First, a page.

After more than a decade of leadership, Eric J. Hall announced today that he has stepped down as President and Chief Executive Officer of the Alzheimer's Foundation of America (AFA), a nonprofit organization headquartered in New York City. With a passion for improving the quality of care for people, Hall will continue to serve as an advocate for research, optimal care and services and federal and state legislation that support Alzheimer's disease as well as other key causes.
Hall spearheaded the establishment and development of the AFA to improve the quality of care for individuals with Alzheimer's disease and related dementias, and their families. As part of this mission, he initiated major national initiatives related to early detection, training of healthcare professionals, standards for dementia care settings and a national publication. Under his vision and leadership, AFA united more than 1,600 member organizations and associate member organizations in the United States making it a formidable voice for the Alzheimer's cause.
In 2011, Hall was appointed to sit on the National Advisory Council on Alzheimer's Research, Care and Services as established by the Alzheimer's Project Act and tasked with providing the U.S. Secretary of Health and Human Services with input into government efforts to prevent and treat the disease as well as creating a national strategy for defeating Alzheimer's Disease.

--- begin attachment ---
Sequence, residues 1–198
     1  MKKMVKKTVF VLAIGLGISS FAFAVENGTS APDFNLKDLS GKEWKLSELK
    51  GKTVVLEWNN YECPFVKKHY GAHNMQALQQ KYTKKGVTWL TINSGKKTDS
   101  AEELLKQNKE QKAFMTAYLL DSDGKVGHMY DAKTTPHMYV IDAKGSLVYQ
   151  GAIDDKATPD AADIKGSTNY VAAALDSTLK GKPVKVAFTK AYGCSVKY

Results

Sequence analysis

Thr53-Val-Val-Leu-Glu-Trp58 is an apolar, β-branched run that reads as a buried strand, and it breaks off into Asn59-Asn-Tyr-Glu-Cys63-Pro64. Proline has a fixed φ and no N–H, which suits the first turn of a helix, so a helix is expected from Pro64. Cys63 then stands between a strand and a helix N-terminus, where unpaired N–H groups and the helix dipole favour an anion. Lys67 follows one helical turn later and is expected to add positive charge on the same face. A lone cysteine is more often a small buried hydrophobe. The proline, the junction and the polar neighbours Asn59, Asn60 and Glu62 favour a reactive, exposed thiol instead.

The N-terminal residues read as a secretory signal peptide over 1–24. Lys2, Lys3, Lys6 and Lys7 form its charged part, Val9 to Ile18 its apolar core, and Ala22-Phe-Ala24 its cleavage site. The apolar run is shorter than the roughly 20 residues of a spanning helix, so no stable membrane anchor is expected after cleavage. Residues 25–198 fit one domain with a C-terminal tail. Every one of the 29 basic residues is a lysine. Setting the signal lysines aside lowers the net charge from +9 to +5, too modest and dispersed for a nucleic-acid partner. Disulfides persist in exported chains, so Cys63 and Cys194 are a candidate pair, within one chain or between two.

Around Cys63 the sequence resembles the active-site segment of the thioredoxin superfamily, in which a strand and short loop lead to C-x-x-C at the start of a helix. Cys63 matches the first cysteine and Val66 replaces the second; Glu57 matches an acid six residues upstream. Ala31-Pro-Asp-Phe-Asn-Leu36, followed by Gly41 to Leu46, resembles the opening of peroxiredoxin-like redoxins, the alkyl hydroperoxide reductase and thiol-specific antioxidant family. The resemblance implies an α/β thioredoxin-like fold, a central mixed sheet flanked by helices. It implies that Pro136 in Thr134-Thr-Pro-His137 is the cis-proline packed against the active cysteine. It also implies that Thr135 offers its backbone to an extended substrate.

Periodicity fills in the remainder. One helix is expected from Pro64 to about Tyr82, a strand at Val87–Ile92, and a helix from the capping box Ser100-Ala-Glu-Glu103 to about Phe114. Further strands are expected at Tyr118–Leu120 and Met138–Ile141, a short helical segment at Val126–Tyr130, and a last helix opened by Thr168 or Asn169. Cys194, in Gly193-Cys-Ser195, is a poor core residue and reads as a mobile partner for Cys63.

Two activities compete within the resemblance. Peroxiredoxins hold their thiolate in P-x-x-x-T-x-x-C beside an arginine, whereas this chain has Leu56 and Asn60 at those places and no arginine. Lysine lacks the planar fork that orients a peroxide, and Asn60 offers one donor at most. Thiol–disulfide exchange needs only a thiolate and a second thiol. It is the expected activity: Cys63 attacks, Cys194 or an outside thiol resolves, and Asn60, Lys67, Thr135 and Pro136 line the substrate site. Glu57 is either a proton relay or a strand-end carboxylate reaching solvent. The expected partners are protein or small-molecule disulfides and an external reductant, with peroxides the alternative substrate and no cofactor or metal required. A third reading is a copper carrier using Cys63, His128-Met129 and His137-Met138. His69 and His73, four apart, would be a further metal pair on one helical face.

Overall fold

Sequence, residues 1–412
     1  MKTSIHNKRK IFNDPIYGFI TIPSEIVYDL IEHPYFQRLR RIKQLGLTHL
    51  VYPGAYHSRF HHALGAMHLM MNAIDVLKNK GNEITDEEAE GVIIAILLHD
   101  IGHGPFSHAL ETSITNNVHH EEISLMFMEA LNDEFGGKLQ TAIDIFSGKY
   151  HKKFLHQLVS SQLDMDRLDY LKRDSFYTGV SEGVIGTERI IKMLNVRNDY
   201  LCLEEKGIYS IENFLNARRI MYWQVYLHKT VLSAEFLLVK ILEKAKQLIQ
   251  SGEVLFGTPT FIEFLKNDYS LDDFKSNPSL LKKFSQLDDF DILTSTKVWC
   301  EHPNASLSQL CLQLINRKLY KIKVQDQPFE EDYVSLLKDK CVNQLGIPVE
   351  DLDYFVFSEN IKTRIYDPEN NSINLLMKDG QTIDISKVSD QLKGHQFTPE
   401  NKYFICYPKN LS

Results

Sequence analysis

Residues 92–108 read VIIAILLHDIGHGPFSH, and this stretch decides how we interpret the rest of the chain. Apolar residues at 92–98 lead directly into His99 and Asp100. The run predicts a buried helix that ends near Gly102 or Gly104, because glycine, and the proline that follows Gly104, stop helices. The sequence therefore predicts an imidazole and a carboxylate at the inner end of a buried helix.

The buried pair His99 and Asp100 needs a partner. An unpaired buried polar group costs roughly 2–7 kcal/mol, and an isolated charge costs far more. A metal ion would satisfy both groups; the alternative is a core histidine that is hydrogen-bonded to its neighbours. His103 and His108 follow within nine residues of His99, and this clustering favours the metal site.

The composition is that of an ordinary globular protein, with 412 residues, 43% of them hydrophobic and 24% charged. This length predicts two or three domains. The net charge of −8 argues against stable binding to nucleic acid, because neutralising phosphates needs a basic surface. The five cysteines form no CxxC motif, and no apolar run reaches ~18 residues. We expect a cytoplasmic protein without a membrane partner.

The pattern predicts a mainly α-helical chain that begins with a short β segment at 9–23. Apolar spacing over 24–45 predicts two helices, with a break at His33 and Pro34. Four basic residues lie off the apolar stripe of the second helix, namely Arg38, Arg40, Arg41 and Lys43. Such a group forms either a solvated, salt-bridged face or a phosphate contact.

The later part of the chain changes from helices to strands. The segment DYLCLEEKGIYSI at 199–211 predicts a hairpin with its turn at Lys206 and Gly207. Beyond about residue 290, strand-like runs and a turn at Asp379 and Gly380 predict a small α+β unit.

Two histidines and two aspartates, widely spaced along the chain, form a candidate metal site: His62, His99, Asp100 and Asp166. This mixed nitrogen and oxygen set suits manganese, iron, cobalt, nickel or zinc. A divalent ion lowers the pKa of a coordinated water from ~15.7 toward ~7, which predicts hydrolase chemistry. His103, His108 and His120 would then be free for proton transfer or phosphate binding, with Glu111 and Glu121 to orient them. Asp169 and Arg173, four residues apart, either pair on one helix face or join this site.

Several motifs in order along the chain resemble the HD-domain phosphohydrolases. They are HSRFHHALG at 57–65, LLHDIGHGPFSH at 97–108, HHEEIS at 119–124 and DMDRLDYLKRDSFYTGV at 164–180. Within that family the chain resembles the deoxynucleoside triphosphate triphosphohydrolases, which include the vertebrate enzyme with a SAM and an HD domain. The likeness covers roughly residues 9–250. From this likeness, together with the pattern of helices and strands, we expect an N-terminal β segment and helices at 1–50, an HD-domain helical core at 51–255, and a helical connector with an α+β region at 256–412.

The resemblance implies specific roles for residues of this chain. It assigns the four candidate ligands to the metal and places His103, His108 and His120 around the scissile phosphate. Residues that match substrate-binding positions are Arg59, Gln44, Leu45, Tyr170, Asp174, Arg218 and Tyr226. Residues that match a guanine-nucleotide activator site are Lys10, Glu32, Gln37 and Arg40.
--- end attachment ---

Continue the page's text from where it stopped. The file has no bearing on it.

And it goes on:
While representing the AFA, Hall has become an active and persuasive voice with key leaders in the White House, Congress, state legislators and other government officials discussing the importance of early detection of Alzheimer's disease, and the vital role of family and professional caregivers in the healthcare continuum. These efforts have resulted in significant legislation, including provisions in the new healthcare reform law that call for detection of cognitive impairment in the Medicare annual wellness physical.
"I have had the distinct honor and privilege of working with national leadership, passionate professionals and caring families to collectively impact the Alzheimer's crisis in our country." said Hall. "The Alzheimer's cause will always have my voice attached to it." Hall went on to say, "The health care challenges we are facing nationally need to be met with compassion and creativity. While we are making strides, there is still work to be done. I hope to continue my role in helping make a difference."
As a presenter, Hall has keynoted regional and national conferences on Alzheimer's disease and health care issues. He is presently scheduling speaking engagements for 2013. As an accomplished executive and a consultant sitting on leading committees he is being pursued with opportunities and will soon determine the next challenge and opportunity in his career.
PR Newswire (http://s.tt/1zshU)